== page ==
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Don't know about you, but I think the fight between Neverwinter's Dinosaurs Vs Stos Dinosaurs is on.

thevampinatorthevampinator Posts: 300Member Arc User
Going by what I saw in the yawning portal I think its happening. Just got to the yawning portal and you can see for yourself.
So what do you all think?
Stos Vs Neverwinters? Me they would be better if they had feathers since in real life they might have but I'm going to remain neutral for the most part. I'm sure this thread is going to get really interesting.

Comments

  • valka#6506 valka Posts: 14Member Arc User
    I am cool with any proper dinosaur fights and yes they were probably feathered (being very much related to birds) and brightly colored but bones that sit in the ground for millions of years tend to not be so we painted them gray or green and called it a day until we finally got fossilized feathers from more than one species like what, 10-15 years ago in China? Prior to that it was archeoptrix or bust.

    I very much doubt cro-magnon man was white either but there is no way to prove that, despite it being a much more recent thing in the fossil record. It's possible, but more probably an adaptation that developed over time in response to the environment. They didn't migrate because they were fair skinned, their children (who lived) became paler due to it being cold and rainy all the time and the lack of supermarkets selling vitamin-D infused milk. It is a thing that only Europeans have those genetic markers but is that a positive or a negative? I have no idea. It just is. Evolution happens. The native Americans who survived evolved too. People (now) complain about Columbus but however nice he could have been, he was not showing up in a HAZMAT suit and Europe had diseases "native americans" (in truth, ancient mongoleans) had no natural resistance to.
  • thevampinatorthevampinator Posts: 300Member Arc User
    edited November 8

    I am cool with any proper dinosaur fights and yes they were probably feathered (being very much related to birds) and brightly colored but bones that sit in the ground for millions of years tend to not be so we painted them gray or green and called it a day until we finally got fossilized feathers from more than one species like what, 10-15 years ago in China? Prior to that it was archeoptrix or bust.



    I very much doubt cro-magnon man was white either but there is no way to prove that, despite it being a much more recent thing in the fossil record. It's possible, but more probably an adaptation that developed over time in response to the environment. They didn't migrate because they were fair skinned, their children (who lived) became paler due to it being cold and rainy all the time and the lack of supermarkets selling vitamin-D infused milk. It is a thing that only Europeans have those genetic markers but is that a positive or a negative? I have no idea. It just is. Evolution happens. The native Americans who survived evolved too. People (now) complain about Columbus but however nice he could have been, he was not showing up in a HAZMAT suit and Europe had diseases "native americans" (in truth, ancient mongoleans) had no natural resistance to.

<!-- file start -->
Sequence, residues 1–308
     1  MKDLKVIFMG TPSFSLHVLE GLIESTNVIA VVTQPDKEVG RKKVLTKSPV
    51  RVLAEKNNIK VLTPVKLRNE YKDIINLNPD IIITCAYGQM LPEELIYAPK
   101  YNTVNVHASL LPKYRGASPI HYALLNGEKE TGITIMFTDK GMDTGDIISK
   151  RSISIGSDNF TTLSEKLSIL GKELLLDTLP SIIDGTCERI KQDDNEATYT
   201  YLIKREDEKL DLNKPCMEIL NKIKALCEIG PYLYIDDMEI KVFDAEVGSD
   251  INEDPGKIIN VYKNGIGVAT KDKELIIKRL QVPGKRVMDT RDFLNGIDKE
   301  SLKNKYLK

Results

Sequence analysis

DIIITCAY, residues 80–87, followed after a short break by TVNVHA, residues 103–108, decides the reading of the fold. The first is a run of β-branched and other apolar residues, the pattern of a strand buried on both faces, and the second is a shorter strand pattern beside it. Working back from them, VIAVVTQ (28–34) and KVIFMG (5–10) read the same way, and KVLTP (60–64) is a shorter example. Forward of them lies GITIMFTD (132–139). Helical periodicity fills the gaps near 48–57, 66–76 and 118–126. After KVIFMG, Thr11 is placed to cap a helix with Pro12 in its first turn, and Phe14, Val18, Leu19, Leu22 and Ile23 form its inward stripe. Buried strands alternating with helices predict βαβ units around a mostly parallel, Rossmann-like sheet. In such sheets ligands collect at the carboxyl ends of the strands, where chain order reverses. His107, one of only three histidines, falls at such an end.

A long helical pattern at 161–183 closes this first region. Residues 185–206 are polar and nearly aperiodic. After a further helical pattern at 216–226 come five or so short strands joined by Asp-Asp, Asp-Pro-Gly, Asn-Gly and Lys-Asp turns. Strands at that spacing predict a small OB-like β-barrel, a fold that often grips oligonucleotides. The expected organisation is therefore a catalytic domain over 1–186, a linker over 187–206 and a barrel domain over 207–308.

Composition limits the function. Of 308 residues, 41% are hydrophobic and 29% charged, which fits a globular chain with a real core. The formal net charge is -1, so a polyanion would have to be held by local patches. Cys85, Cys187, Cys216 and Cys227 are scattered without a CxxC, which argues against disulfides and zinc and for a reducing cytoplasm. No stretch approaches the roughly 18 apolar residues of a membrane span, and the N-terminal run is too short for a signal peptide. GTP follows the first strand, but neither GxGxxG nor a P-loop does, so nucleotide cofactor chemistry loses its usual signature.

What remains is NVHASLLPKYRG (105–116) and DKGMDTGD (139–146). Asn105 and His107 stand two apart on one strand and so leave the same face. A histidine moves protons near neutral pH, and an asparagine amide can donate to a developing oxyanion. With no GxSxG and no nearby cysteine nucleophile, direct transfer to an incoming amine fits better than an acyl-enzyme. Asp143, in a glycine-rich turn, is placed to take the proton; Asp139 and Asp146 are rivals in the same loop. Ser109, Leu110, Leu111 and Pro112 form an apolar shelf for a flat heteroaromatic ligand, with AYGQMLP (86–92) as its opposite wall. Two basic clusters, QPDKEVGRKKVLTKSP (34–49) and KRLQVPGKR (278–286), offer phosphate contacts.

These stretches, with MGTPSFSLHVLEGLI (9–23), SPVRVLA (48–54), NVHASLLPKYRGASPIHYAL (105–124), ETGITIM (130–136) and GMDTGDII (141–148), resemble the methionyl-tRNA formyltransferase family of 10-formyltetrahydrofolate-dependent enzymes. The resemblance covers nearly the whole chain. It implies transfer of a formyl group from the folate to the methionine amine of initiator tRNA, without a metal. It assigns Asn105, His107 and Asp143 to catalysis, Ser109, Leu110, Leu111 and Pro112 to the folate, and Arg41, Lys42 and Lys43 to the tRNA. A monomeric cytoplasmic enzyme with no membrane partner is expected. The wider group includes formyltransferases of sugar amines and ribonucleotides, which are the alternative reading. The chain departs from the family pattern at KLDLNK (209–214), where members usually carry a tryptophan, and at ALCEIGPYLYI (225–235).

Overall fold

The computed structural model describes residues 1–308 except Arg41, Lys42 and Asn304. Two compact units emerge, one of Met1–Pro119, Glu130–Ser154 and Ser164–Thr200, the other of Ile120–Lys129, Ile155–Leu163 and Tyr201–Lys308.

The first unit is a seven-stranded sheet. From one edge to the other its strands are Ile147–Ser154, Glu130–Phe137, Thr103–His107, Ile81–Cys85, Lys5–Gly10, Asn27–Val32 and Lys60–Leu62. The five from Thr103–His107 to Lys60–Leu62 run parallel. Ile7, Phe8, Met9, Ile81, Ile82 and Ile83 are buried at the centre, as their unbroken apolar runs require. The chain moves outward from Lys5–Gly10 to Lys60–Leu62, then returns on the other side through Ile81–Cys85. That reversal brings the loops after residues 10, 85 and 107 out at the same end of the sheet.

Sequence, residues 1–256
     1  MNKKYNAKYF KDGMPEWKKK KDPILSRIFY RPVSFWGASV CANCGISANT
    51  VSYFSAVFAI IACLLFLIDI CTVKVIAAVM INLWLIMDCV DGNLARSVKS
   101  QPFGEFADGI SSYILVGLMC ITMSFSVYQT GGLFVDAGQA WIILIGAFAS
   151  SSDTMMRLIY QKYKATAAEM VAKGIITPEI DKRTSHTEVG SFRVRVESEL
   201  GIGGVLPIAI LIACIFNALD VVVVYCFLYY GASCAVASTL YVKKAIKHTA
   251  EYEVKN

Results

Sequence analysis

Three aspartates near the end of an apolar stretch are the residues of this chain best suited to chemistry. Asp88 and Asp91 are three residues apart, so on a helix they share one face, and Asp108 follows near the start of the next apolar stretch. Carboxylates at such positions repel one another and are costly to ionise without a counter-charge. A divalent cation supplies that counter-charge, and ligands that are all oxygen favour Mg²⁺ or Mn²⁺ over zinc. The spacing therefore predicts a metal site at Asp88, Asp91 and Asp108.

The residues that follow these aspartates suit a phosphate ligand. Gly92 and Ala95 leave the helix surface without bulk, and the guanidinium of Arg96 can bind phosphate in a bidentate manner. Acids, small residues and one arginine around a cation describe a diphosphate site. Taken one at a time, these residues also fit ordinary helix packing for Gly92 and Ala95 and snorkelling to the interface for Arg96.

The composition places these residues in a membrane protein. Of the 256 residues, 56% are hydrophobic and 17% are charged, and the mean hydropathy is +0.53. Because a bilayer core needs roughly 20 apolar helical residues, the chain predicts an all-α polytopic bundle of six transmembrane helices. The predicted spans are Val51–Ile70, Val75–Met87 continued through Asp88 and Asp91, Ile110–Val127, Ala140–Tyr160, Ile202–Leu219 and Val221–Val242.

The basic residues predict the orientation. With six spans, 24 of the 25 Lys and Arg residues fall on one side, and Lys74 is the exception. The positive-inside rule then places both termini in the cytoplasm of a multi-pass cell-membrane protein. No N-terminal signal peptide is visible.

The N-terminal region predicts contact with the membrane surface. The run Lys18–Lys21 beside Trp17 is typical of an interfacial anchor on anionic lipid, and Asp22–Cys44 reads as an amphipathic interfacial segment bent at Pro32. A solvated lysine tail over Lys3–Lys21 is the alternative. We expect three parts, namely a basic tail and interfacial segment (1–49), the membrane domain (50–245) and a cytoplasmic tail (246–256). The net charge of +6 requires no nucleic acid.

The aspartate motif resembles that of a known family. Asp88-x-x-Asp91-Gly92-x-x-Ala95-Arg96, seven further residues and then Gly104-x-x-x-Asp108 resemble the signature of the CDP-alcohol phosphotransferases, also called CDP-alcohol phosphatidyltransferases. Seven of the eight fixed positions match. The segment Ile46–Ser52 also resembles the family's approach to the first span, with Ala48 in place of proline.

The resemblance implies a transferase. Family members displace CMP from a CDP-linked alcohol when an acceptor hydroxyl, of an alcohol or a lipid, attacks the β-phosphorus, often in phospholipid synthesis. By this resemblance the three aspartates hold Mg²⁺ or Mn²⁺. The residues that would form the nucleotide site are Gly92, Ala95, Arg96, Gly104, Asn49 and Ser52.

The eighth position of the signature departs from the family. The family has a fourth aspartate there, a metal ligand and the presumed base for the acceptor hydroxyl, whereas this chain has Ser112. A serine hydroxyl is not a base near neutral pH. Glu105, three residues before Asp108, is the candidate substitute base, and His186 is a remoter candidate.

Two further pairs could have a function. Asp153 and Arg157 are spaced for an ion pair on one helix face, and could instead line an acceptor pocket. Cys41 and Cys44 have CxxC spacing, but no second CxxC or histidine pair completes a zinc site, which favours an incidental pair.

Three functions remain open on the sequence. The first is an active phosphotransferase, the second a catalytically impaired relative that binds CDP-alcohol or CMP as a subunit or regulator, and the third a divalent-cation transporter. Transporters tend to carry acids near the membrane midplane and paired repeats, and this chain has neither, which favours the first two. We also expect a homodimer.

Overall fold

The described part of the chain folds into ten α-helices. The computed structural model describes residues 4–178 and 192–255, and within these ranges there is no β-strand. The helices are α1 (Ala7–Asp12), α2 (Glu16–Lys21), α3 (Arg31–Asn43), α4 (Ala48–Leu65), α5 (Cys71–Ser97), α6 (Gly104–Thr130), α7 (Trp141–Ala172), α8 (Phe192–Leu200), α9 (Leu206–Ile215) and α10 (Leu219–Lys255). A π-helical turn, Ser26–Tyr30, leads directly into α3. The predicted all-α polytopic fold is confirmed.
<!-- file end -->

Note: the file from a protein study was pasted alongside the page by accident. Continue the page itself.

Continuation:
Would be cool if they did feathered variants. But I guess they prefer the juristic park version. I think they should do some variants with the feathers and I think it would look cool. Make it more believable that Tyrannosaurs became chickens or their descendants did. But do it in a way based on the science of it or something. But would really look cool or cooler with their feathers since a lot of them are earlier versions of prebirds.

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  • sandukutupusandukutupu Posts: 1,339Member Arc User
    Please keep your science, out of my world of magic and monsters. Thank you. <3
    And people wonder why I don't care for dinosaurs in D&D.
    Winter-Vacation.png
  • valka#6506 valka Posts: 14Member Arc User
    > @sandukutupu said:
    > Please keep your science, out of my world of magic and monsters. Thank you. <3
    > And people wonder why I don't care for dinosaurs in D&D.

    So an in-depth discussion of the 21 sub-types of elves then. Do any of them have feathers?
  • sandukutupusandukutupu Posts: 1,339Member Arc User
    If I really wanted to get technical versus magical with you boys, we could discuss how more recent vampires and zombies are no longer a product of demonology, and they are just techno viruses and rabies gone wrong. But if you want to explain scientifically, how a D&D necromancer can make a skeleton walk and fight without muscles and tendons, I might get a big laugh. :grin:
    Winter-Vacation.png
  • thevampinatorthevampinator Posts: 300Member Arc User

    > @sandukutupu said:

    > Please keep your science, out of my world of magic and monsters. Thank you. <3

    > And people wonder why I don't care for dinosaurs in D&D.



    So an in-depth discussion of the 21 sub-types of elves then. Do any of them have feathers?

    Of course there is the winged elves, avariel and those wings have feathers.
  • valka#6506 valka Posts: 14Member Arc User
    edited November 9
    > @thevampinator said:
    > (Quote)
    > Of course there is the winged elves, avariel and those wings have feathers.

    unlike the succubi that look eerily similar but with non-feathered wings. How do their unladen airspeed velocities compare?
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